“Are you having twins?”

Willie B. Thomas/DigitalVision/Getty Images

This seems to be everyone's default joke when they see a pregnant person’s belly, despite it not really being amusing at all. It’s not nice to say on any day of the year, but on Mother’s Day? Bad taste. Again, there's just no need to try and make them feel self-conscious about their size or their body. In reality, people with body issues can struggle with pregnancy, so maybe just avoid the topic entirely.


“You're still pregnant?”

If you think it seems like they’ve been pregnant forever, just imagine how they feel. I'm pretty confident almost all moms-to-be can tell you exactly how much longer they have left, especially if they're having a tough time of it. There’s no need to offer up a reminder, even if you just mean it as a joke. Rule of thumb: If it sounds like you’re implying there’s something wrong with their pregnancy, it’s probably not OK to say.


“Are you scared?”

Listen, they’re probably scared of everything right now. It’s called being a mother. They definitely don’t need to be reminded of the fact that they’ll be giving birth soon. Instead, tell them how strong they are and how great they will be at taking care of their baby, no matter what. And then tell them, “Happy Mother’s Day.”


“This is the easy part.”

Pregnancy isn't always easy. No one can ever tell just by looking at an expectant mother what struggles they might have gone through to get pregnant in the first place, or what discomforts they might be dealing with as they progress. Instead of filling their head with horror stories about the trials and tribulations of parenthood, just invite them to relax and put their feet up. That's the gift most pregnant people want — on Mother's Day or any day.


“Can't wait until next year!”

StefaNikolic/E+/Getty Images

Don’t wait! Why wait on a celebration when you can be kind and encouraging today? You should be celebrating them now because their body is working overtime to create an awesome human being. Go ahead and make today special anyway, even if it’s just by offering a compliment.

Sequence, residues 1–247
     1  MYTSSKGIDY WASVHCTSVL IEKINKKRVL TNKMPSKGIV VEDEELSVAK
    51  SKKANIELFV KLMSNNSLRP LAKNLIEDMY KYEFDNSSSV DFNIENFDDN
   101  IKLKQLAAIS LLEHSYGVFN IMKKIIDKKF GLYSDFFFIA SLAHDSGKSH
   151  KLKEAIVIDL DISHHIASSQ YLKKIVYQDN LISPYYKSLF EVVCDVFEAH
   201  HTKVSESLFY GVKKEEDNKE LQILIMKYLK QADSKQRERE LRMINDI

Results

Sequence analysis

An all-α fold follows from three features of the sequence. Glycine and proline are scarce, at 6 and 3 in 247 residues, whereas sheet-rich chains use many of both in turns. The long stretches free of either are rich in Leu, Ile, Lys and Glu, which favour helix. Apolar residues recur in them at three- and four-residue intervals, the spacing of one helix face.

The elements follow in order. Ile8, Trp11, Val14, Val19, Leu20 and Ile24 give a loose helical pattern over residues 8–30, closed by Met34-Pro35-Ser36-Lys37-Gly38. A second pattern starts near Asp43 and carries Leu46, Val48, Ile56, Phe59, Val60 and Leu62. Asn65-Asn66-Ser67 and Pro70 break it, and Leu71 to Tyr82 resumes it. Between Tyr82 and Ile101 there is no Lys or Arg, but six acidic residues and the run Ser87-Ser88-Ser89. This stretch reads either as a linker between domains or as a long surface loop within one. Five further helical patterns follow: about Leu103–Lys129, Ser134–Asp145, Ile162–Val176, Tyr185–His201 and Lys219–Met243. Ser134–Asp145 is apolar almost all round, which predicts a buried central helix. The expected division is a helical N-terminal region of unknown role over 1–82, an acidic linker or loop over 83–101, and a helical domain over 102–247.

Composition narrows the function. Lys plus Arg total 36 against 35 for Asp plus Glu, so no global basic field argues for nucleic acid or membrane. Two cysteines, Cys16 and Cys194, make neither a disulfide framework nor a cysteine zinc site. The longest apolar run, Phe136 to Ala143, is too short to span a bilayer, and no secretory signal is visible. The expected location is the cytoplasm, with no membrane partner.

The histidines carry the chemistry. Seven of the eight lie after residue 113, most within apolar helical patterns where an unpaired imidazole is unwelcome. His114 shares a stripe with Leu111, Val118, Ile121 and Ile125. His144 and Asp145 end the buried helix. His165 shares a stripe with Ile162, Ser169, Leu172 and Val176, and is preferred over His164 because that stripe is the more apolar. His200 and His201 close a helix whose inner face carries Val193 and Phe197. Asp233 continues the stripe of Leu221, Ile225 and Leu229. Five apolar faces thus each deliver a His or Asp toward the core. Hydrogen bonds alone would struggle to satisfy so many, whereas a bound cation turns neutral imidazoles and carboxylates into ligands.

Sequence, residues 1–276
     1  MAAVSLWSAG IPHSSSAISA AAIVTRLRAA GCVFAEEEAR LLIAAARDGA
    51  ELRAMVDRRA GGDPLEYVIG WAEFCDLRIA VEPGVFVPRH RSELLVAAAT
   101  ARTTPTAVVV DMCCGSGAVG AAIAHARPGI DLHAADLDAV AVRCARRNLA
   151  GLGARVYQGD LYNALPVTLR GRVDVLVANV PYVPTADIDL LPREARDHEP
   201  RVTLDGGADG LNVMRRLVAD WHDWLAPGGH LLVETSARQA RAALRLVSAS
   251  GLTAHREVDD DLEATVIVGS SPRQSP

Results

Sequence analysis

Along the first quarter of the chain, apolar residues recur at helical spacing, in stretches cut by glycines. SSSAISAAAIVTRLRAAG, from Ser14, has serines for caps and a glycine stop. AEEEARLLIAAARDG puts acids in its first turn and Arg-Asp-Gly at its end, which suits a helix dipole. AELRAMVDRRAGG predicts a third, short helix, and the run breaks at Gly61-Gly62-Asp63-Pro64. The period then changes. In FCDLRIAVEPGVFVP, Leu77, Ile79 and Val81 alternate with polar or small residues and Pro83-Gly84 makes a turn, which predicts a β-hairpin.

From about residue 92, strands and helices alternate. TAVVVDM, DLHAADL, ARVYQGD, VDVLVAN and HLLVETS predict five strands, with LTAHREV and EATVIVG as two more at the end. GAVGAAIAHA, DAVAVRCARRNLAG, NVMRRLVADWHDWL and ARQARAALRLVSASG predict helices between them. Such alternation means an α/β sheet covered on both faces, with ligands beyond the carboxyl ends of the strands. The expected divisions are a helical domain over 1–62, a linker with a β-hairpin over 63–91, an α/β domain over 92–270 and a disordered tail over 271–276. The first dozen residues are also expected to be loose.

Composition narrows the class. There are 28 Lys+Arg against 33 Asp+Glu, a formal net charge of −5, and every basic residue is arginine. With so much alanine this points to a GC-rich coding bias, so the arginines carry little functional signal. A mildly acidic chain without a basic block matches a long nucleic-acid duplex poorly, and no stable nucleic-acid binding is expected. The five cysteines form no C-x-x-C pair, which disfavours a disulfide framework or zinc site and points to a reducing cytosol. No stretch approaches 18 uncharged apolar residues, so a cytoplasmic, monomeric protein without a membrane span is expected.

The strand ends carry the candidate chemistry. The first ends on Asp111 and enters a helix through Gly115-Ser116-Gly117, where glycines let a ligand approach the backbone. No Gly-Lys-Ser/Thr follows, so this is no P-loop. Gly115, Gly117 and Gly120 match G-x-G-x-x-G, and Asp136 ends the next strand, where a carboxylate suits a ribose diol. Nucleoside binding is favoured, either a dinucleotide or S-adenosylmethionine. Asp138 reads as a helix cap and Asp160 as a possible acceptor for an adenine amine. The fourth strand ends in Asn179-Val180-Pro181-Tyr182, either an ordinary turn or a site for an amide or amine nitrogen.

“You look too young/old to have kids!”

Again, commenting on someone’s appearance and how they should look to fit your ideals is always a no-go. But to someone who’s working 24/7 for nine months to grow a human? Come on. And besides, why is a pregnant person’s age anyone’s business besides their own?


“Are you sure it’s OK to eat/drink that?”

They already get enough unsolicited advice and comments about their pregnancy. Everyone has an opinion and everyone seems to think the pregnant person needs to hear it. Well, guess what? They don’t. It’s exhausting to constantly feel like you’re doing something “wrong” or not doing enough, so it’s time to just cut those comments out for good.


“Don’t worry, next year you can actually have a Mother’s Day.”

Or... you could just let them celebrate now. It’s fine to talk about future Mother’s Days and what those holidays will look like, but don’t let the future deter you from celebrating now.

Pregnancy is an exciting thing, and people love to push their observations and thoughts onto the pregnant person. But what may be intended as a harmless question, well-meaning advice, or a meaningless joke can actually come off as just plain rude, hurtful, and tasteless. This Mother’s Day, keep the pregnancy comments kind, encouraging, and uplifting instead.

This article was originally published on